Maria Zakharova: We consistently insist that it is unacceptable to extradite Russian citizens to third countries. In an effort to set forth our stance on this issue, we maintain intensive contact with the Belarusian Foreign Ministry and that country’s law enforcement agencies. Russia’s Human Rights Commissioner issued her statement the other day, noting the incident’s humanitarian dimensions and evaluating the legal aspects of the situation. I can only comment on this issue based on these criteria.

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Question: How will Russia respond to the extradition of a Russian citizen?

Maria Zakharova: Our briefings would last for days if I were able to comment on things that have not taken place.

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Question: Polish Foreign Minister Witold Waszczykowski announced that Poland intends to sue Russia in the International Court of Justice over the dragged-out investigation of the Smolensk plane crash. The investigation is preventing Russia from transferring the wreckage to Poland.

When will foreign nationals be able to cross the Russian-Belarusian border without problems? The current situation is not exactly normal. How does this affect heavy truck movement?

Maria Zakharova: I need to clarify details to answer the second question since it does not fall entirely into the Foreign Ministry’s competence. We will make sure to provide you with the latest data.

As concerns the progress of the investigation, unfortunately, we can see that Poland’s opinion of the situation is divided. There are those who want to conduct an actual investigation and we are open to this. Repeatedly during briefings, we have spoken about our willingness to cooperate with Poland over any issues. We said that if we receive any requests from our Polish counterparts we are ready to provide the necessary information, including whatever is required for them to inspect the wreckage. Unfortunately, not everybody in Warsaw prefers this particular approach. There is a group that is approaching this issue in a completely different manner, that is, increasingly trying to politicise it. This has nothing to do with the investigation. Instead, it is an attempt to turn the Smolensk crash into a political issue, use it as a domestic policy (which is absolutely incomprehensible) and a foreign policy cards (which is, unfortunately, more explicable considering our history). Our opinion is that it is absolutely destructive to further politicise the tragedy.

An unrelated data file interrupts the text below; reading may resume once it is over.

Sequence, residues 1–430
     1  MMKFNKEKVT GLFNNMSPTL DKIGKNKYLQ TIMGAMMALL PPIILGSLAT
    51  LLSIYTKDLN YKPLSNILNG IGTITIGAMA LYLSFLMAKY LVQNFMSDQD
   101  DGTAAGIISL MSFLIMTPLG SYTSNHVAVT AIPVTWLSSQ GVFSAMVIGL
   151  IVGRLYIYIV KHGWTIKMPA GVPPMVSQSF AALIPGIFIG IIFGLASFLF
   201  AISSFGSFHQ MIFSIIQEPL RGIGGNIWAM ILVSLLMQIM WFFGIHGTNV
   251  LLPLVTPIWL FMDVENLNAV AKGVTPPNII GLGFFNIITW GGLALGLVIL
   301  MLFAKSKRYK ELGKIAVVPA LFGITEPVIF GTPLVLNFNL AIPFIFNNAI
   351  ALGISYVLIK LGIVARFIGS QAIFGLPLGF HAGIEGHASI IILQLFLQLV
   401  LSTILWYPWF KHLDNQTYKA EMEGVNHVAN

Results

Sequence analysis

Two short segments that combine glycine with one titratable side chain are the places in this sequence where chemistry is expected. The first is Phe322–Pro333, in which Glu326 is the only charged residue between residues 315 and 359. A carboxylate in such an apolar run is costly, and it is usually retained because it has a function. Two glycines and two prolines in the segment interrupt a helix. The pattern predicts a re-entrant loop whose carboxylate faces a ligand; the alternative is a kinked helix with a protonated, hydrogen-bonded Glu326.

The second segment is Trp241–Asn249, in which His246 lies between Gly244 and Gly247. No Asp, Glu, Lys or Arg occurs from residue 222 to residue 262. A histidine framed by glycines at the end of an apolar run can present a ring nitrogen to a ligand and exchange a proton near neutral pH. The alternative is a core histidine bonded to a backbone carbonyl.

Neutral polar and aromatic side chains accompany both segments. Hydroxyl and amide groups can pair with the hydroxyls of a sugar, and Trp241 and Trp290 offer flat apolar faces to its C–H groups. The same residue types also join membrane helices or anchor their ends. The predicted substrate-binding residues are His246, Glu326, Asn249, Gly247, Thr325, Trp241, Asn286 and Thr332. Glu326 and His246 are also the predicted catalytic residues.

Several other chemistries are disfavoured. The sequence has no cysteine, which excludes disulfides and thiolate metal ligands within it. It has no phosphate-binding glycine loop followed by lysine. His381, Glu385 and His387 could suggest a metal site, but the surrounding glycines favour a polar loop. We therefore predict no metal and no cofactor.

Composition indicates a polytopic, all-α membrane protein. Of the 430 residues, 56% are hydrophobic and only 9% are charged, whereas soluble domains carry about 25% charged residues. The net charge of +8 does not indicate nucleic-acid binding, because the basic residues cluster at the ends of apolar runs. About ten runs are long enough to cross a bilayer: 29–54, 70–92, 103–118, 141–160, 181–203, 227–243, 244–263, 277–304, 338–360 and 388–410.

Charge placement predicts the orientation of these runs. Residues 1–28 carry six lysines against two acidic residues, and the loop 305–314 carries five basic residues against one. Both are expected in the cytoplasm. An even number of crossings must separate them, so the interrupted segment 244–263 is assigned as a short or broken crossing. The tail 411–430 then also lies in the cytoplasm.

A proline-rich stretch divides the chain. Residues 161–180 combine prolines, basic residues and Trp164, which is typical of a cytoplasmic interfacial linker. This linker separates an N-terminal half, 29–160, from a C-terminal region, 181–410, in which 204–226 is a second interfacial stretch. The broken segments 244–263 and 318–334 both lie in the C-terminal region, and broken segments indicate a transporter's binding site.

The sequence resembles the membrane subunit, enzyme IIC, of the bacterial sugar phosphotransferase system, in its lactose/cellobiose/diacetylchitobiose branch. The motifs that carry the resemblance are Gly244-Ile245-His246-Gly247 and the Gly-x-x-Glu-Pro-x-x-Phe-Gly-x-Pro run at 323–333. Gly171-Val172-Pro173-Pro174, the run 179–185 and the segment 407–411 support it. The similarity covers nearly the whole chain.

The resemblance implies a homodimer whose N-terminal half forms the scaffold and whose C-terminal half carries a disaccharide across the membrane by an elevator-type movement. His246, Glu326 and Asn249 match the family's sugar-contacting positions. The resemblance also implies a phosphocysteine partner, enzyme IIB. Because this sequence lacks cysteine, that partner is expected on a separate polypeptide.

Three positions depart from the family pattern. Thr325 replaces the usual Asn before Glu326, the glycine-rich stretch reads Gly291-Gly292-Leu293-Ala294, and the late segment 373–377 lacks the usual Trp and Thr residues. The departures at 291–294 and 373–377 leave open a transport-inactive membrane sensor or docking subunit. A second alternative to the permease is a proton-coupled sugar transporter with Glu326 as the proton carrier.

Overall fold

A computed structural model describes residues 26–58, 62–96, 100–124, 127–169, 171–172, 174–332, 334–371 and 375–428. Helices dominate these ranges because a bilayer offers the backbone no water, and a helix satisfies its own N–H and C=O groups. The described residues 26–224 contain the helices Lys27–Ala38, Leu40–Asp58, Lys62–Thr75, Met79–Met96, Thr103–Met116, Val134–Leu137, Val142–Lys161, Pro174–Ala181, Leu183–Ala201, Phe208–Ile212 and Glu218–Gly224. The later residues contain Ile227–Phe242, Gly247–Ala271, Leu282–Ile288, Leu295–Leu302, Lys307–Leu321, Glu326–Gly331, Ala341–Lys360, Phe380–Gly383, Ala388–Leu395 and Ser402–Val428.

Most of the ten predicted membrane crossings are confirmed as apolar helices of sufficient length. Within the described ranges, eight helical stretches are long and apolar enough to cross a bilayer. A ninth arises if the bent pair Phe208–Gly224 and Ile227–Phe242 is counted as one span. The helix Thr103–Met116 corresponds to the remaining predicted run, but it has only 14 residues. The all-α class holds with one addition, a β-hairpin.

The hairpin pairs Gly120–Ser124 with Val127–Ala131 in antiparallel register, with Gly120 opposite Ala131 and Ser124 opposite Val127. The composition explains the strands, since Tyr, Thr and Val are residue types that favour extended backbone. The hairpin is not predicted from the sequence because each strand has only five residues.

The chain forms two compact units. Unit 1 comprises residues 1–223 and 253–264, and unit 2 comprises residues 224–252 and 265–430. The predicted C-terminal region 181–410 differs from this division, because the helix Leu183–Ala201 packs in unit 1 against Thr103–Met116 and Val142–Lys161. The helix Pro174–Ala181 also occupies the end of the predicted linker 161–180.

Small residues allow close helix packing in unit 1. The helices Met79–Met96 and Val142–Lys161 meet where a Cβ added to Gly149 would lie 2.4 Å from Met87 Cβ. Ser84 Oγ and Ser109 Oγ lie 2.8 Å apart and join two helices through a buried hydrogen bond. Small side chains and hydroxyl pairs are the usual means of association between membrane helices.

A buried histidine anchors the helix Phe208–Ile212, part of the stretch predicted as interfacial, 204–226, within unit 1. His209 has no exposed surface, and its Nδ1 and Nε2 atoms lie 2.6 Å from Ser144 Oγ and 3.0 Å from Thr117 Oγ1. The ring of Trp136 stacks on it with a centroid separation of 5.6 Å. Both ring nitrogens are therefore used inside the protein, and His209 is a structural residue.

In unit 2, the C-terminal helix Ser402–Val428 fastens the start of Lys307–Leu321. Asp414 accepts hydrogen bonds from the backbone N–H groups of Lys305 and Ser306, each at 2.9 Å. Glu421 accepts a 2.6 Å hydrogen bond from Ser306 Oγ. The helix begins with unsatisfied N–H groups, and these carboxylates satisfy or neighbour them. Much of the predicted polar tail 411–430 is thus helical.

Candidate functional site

Regarding the statements on the tribunal, retrials, appeals, lawsuits, all these actions lie within the second, or politicised, approach. There are no outstanding inquiries from Poland regarding the wreckage still in Russia that we have not considered or responded to. Of course, we are not the main authority here, but I can’t remember any such request being rejected. Unfortunately, we can see how vigorously the situation is being politicised and the process is even being recorded. These are not just occasional outbursts but an intentional pushing of the tragedy into a political context for both domestic and foreign policy purposes.

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Question: If there is a lawsuit how will Russia respond?

Maria Zakharova: Once again, we cannot comment on what has not happened. What are the complaints? We assume that this is not an attempt to uncover the circumstances of the incident (I believe everything possible has been done for that) but an intention to use the crash as a political issue in domestic and foreign policy.

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Question: A delegation from the Norwegian Parliament was scheduled to visit Moscow today, but the visit had to be postponed after Russia denied visas to two members of the Norwegian delegation. After that, Norwegian Foreign Minister Borge Brende said that he may have to cancel his visit to Russia, where he was expected to take part in The Arctic — Territory of Dialogue International Forum in Arkhangelsk. What is your view of the state of relations between Russia and Norway after these events? How many Norwegians have been blacklisted by Russia?